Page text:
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North Bay man who used to run halfway house guilty of historic sex offences

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A North Bay man who ran a halfway house in the North Bay area has been convicted of historical sexual assaults dating to the 1990s and early 2000s.

While the judge ruled it couldn't be admitted as evidence, it turns out the accused had been convicted of other sex crimes while he lived in the U.S. for the last 20 years.

In a decision released last month, the accused was found guilty of four counts of sexual assault involving two male victims, one of whom was 17 and the other under the age of 12. The offences took place between 1992 and 2002, mainly in North Bay and Field.

The first victim testified he viewed the accused as a grandfather figure and didn't really understand what was happening because he was so young. He told the court he often slept with the accused and once, when he was about 11, woke up to find the accused on top of him committing sexual assault. He said he was in pain the next day.

At one point, the victim told other children in the home about what was happening, prompting an angry response from the accused which the victim didn't fully understand.

The second victim was the survivor of a nightmarish childhood. His stepfather was "violently abusive, an alcoholic and drug user," who may have been part of organized crime. His mother stabbed him when he was 13.

He began stealing cars, only to be arrested and returned home for more beatings. In 1992, he ran away at age 17 to North Bay, where he met the accused. The victim testified that "the accused became the father I never had."

The accused quickly arranged for the victim to receive welfare, which he kept for himself. The victim began working for him, but wasn't paid.

After leaving briefly and ending up at the Cecil Facer youth detention centre, the now 18-year-old victim returned to the accused's home to live. This time, the accused not only kept all his welfare money, he demanded to be 'repaid' when he gave the victim money and cigarettes.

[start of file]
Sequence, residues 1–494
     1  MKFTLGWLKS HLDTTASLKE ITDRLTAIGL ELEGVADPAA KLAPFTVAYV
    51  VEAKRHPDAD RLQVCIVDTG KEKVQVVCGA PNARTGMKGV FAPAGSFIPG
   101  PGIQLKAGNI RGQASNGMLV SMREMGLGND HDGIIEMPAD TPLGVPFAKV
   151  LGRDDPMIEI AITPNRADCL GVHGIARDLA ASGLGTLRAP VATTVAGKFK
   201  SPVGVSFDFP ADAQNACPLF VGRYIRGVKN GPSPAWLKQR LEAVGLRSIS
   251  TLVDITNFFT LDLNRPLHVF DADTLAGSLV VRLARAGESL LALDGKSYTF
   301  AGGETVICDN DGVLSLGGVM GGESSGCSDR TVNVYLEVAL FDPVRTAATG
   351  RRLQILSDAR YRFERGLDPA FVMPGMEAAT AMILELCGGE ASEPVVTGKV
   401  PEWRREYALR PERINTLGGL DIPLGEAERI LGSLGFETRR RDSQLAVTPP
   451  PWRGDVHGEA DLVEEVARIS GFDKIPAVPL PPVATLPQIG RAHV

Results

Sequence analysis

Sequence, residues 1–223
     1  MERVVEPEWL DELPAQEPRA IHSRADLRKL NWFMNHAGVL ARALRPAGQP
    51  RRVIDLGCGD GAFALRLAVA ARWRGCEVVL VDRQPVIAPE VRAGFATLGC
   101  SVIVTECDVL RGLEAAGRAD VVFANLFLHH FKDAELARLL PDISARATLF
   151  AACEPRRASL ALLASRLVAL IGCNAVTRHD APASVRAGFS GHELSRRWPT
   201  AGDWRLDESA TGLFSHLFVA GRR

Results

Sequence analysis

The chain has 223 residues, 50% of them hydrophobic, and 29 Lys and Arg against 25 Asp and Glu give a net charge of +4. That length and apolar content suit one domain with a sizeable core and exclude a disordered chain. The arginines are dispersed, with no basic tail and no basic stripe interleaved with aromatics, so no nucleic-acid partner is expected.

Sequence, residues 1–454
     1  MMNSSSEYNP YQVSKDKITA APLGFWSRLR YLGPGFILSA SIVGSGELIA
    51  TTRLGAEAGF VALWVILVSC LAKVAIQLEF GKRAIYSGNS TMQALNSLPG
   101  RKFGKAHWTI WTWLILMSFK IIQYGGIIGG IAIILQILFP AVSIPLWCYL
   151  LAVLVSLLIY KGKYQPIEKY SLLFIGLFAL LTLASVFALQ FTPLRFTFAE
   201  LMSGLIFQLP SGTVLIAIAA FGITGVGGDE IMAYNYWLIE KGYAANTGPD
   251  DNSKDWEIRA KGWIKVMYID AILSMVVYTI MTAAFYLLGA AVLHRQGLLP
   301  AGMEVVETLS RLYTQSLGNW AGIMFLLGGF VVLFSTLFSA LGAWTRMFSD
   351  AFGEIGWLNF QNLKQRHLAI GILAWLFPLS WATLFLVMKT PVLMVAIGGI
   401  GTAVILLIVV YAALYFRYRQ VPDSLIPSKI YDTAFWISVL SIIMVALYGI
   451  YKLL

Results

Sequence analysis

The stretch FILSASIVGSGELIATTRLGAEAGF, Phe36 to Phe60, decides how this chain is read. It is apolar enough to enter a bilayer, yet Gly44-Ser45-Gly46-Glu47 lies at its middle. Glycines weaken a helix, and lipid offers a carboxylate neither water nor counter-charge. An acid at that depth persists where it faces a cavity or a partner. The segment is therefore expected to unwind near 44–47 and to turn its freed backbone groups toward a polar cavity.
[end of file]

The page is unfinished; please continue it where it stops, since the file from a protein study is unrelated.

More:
That involved sexual acts two or three times per week.

“I did not consent to anything sexual with him; not once,” the victim testified. “I did what was expected of me.”

The victim ended up in jail and by 1999, the accused was running a halfway house in North Bay. With nowhere else to go, the victim agreed to move there upon his release in 2000.

But after he was assaulted again by the accused, the victim decided he'd rather be in jail so he committed another crime and returned to prison. He eventually confided in a probation officer and charges were laid against the accused in 2015.

The accused had been running the halfway house with support from social workers. He told them he was "a therapist or a psychotherapist and he had young men working for him."

While the social workers monitored the men at the halfway house for a few months, that responsibility then fell to the accused.

However, the lead social worker soon learned that the accused was using his own home for the halfway house and was "taking all of their money."


Even though she was about to get government funding for the halfway house, she quickly "shut it down when funding was imminent to avoid any funding getting into the accused’s hands."

While finding the victim's testimony to be generally credible, the judge in the case said the accused, now 75 years old, was not. For example, instead of denying allegations outright, he had a habit of trying to present reasons why they were not credible.

"The accused repeatedly offered absurd evidence and ridiculous explanations or denied facts for which there was convincing evidence, in order to distance himself from the claims," the judge wrote.

"His evidence often devolved into argument, by explaining why things claimed by the complainants could not have happened rather than simply stating that they did not happen."

For example, when accused of kissing one of the victims, he said he would never do that because they didn't brush their teeth. He denied hugging the victim because he was "not fond of him," even though many people testified it was a regular occurrence.

"I find these explanations by the accused artificial and improvised, and not compelling or believable," the judge wrote.

The judge found him guilty of four of the five charges but rejected a Crown motion to use three guilty pleas in the U.S. in 2017 as part of their case.

The three convictions involved sex crimes against a 13-year-old victim and the Crown wanted to use them as proof of the "bad character" of the accused and that he had committed similar offences in the past.

While such evidence is permitted "so long as its probative value exceeds its prejudicial effect," the judge ruled the crimes were dissimilar enough not to allow evidence of past convictions to influence his decision.

"In my view, the United States offences are not sufficiently similar to the allegations that are at issue in this proceeding," he wrote.

Read the full court transcript here. Top Stories

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